Can somebody replicate this problem I see with Euro Reakt Stereo Sample Looper?

pix pop
pix pop Member Posts: 7 Member

I think there's a bug in this object. This is in Euro Reakt 4.3, in the samplers section the object called "Stereo Sample Looper".

When I drop a sample into it, it begins playing as expected. When the play head reaches the center of the sample window, there's a slight increase in pitch. So the left half of the sample plays at a lower pitch than the right half.

You can find Euro Reakt in the user library. You can download it, and then just open the file "Stereo Sample Looper.ism" to test.

I just need to know if this is a bug in the instrument, or if I'm doing something stupid.

I'm using Reaktor 6.4.3 on MacOS Catalina.

Best Answers

  • colB
    colB Member Posts: 755 Guru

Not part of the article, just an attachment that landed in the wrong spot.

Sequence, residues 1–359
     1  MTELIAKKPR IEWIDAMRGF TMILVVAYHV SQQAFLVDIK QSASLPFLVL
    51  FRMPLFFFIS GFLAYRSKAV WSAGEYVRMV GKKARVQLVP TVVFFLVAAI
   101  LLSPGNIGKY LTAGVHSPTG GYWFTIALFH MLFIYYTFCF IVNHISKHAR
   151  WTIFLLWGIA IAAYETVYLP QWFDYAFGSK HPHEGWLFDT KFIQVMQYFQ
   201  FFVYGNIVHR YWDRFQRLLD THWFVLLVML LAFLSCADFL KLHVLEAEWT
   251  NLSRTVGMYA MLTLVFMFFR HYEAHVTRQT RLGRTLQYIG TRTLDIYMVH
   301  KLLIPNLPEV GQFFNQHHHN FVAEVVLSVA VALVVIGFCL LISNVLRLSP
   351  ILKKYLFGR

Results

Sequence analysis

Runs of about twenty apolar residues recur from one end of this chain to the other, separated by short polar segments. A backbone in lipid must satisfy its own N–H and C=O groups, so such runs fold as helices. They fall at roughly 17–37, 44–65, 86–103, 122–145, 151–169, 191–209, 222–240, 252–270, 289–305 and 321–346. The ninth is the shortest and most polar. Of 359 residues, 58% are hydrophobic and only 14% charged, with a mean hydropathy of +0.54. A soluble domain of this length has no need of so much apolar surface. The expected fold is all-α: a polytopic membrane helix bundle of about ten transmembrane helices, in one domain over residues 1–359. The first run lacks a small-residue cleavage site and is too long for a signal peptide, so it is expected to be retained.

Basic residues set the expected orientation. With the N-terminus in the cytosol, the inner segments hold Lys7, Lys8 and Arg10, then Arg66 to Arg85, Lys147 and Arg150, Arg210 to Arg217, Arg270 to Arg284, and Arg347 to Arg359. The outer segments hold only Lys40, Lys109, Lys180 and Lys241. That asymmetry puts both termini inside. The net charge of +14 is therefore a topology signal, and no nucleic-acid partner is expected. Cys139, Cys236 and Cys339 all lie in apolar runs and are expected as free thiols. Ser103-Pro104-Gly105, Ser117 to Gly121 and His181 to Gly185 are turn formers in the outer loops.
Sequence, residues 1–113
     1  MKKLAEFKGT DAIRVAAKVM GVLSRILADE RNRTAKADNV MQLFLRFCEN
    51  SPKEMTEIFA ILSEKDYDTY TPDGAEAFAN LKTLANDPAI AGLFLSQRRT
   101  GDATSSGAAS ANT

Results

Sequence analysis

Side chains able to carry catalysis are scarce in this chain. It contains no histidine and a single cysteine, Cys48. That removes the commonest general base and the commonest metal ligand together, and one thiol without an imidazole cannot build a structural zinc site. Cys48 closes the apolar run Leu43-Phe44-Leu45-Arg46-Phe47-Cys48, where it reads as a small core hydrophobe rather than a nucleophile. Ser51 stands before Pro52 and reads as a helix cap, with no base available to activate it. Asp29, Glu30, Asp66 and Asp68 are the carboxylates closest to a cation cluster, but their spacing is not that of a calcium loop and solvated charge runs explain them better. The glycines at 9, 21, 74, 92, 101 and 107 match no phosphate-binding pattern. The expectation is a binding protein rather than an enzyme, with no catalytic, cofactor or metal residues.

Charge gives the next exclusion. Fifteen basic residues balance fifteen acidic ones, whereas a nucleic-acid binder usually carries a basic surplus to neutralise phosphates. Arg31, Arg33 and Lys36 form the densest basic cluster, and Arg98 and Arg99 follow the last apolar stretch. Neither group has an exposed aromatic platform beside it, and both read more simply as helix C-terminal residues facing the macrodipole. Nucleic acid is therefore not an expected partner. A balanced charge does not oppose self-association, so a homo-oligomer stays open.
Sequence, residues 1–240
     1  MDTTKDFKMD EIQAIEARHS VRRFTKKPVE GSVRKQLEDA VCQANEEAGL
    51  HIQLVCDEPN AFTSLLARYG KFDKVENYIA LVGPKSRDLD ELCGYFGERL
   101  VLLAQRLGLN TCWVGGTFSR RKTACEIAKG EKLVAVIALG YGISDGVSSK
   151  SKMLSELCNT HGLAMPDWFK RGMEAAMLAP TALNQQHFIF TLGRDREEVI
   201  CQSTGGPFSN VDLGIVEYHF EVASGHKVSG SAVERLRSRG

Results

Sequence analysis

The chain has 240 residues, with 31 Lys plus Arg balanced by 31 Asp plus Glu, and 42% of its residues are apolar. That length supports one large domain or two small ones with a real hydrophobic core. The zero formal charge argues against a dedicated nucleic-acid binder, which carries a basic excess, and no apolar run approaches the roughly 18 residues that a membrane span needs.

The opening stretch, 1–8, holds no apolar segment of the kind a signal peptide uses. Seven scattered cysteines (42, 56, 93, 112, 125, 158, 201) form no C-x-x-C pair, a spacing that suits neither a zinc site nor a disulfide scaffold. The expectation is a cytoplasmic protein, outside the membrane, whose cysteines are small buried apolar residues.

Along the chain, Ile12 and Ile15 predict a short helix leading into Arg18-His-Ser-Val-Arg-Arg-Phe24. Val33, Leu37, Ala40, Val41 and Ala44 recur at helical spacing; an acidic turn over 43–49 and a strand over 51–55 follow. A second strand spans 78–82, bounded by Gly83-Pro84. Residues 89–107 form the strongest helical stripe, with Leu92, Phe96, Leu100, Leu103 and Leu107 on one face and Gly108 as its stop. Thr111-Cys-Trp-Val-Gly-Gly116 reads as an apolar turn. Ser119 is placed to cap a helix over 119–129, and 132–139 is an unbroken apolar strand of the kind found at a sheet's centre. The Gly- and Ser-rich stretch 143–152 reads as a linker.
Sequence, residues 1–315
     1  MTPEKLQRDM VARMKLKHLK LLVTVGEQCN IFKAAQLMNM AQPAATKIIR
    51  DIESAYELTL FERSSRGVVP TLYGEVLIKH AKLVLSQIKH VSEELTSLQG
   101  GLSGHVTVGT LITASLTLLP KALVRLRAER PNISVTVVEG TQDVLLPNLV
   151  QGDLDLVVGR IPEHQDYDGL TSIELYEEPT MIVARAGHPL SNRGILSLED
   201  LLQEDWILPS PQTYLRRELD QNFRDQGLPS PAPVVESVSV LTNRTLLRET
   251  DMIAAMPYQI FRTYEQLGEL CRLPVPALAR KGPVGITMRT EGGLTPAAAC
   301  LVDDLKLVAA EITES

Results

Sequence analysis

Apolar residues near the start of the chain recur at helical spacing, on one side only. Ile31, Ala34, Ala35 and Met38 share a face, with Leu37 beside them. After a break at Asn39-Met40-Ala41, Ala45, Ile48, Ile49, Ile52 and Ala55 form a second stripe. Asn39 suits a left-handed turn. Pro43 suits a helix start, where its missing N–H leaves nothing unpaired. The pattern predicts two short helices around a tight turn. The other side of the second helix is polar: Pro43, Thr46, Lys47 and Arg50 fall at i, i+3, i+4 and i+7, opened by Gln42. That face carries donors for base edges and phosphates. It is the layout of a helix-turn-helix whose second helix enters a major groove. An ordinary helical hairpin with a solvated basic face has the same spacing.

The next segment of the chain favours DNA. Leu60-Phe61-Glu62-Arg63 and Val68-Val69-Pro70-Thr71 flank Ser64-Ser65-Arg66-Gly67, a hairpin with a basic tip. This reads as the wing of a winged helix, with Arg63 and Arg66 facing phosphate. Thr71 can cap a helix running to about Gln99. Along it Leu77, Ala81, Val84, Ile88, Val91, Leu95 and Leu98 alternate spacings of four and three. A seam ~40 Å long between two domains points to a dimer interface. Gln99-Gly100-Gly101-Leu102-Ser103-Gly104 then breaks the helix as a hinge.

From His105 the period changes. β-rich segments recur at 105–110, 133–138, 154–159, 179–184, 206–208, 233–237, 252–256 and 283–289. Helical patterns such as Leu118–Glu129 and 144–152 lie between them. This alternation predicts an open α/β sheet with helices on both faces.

edited March 2023 Answer ✓

    Is it a long sample?

    I had a look, I have a very old version of Euro Reakt, so it might be updated, but afaikt, all the processing in this Block is 32bit. This can cause problems with long samples. There just aren't enough bits to accurately update the position.

    In the case of this Block, everything is scaled so that the start of the sample is position 0 and the end is 1. each audio clock tick, a step value is added to the current position. So with a long sample - like a 4 minute song - the step value is tiny with respect to e.g the position at half way

    4 minutes at 44100Hz is 10584000 samples, so the audio clock step increment would be the reciprocal = 9.448223733938e-8

    A tiny number!

    32bit floats are accurate to 7 decimal digits

    imagine the song position is at 0.5, 9.44822e-8 is 0.0000000944822 (I think that right?), adding that to 0.5 would be 0.5000000944822, but we can only handle 7 significant digits to it will be rounded (or truncated?)) to 0.5000001... we lost most of the position information...

    Early on, when the song position is e.g. 0.0001, we'd get 0.0001000945 so not too bad

    then after a while, say 0.003, we'd get 0.003000094, not great, but still maybe ok... but by the time we get to 0.03 we would start to lose pitch and timing accuracy, and that's only a few seconds into our hypothetical 4 minute song!